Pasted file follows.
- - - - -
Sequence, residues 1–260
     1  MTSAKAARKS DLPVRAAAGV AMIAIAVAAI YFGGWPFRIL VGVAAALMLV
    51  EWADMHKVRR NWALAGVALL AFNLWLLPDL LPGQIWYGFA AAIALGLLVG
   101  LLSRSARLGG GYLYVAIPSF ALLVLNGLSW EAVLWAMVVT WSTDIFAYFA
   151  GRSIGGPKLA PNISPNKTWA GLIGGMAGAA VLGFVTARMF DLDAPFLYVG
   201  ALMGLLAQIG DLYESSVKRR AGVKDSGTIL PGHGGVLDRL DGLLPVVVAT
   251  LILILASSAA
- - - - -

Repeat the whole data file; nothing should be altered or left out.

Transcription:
Sequence, residues 1–260
     1  MTSAKAARKS DLPVRAAAGV AMIAIAVAAI YFGGWPFRIL VGVAAALMLV
    51  EWADMHKVRR NWALAGVALL AFNLWLLPDL LPGQIWYGFA AAIALGLLVG
   101  LLSRSARLGG GYLYVAIPSF ALLVLNGLSW EAVLWAMVVT WSTDIFAYFA
   151  GRSIGGPKLA PNISPNKTWA GLIGGMAGAA VLGFVTARMF DLDAPFLYVG
   201  ALMGLLAQIG DLYESSVKRR AGVKDSGTIL PGHGGVLDRL DGLLPVVVAT
   251  LILILASSAA